Forms allow a database designer to create a user -friendly method of data entry in Microsoft Office Access 2003. Instead of entering records in the grid of rows and columns in Datasheet view, you can use a form that can represent a paper form. Such a form can minimize data-entry errors because it closely resembles the paper-based form containing the information you want to enter in your table. A form can include fields from multiple tables, so you don't have to switch from one table to another when entering data.
If your table contains fields that include graphics, documents, or objects from other programs, you can see the actual objects in Form view. (In Datasheet view, the object is identified with text or with an icon.) To make it even easier to enter and maintain data, you can also include instructions and guidance on the form so that a user of the form knows how to complete it. You can add borders and graphics to the form to enhance its appearance.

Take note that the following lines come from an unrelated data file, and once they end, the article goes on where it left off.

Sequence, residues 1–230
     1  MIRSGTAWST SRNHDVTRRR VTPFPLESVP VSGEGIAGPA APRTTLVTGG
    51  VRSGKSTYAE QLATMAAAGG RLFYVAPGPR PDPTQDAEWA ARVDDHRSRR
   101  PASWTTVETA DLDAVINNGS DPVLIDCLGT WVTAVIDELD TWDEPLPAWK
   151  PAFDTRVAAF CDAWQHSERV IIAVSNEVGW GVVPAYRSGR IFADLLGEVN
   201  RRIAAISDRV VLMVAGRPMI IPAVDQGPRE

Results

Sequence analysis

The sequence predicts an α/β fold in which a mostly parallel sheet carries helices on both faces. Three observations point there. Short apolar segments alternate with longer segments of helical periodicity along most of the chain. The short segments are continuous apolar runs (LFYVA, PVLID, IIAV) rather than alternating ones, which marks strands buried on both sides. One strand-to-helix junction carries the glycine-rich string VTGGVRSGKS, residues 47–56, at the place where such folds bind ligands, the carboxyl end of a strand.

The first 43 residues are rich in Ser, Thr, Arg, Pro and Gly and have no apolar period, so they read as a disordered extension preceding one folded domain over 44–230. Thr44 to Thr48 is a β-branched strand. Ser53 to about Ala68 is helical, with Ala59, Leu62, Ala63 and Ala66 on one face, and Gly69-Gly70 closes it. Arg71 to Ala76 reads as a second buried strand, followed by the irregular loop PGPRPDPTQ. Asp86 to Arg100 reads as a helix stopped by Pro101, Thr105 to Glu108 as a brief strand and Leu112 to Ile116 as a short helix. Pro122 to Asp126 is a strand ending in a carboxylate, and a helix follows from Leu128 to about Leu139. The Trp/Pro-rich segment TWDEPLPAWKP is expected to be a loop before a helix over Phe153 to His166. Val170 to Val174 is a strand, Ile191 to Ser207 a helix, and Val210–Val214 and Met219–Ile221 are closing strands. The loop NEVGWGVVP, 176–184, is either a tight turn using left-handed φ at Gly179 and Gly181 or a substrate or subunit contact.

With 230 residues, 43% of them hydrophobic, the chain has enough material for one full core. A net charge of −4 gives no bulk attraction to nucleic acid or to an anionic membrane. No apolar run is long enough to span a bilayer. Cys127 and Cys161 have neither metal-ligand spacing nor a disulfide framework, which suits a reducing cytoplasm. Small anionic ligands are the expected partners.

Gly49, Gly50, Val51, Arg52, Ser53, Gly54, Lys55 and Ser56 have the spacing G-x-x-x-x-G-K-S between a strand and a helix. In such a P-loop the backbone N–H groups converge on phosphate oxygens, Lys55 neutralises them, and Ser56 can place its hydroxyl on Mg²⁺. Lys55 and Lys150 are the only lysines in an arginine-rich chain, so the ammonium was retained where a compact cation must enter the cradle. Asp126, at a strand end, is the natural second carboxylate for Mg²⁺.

The Windows XP operating system offers you several themes. If you have chosen a theme other than the default, Access will apply the chosen theme to views, dialog boxes, and controls. You can prevent form controls from inheriting themes from the operating system by setting an option in the database or project.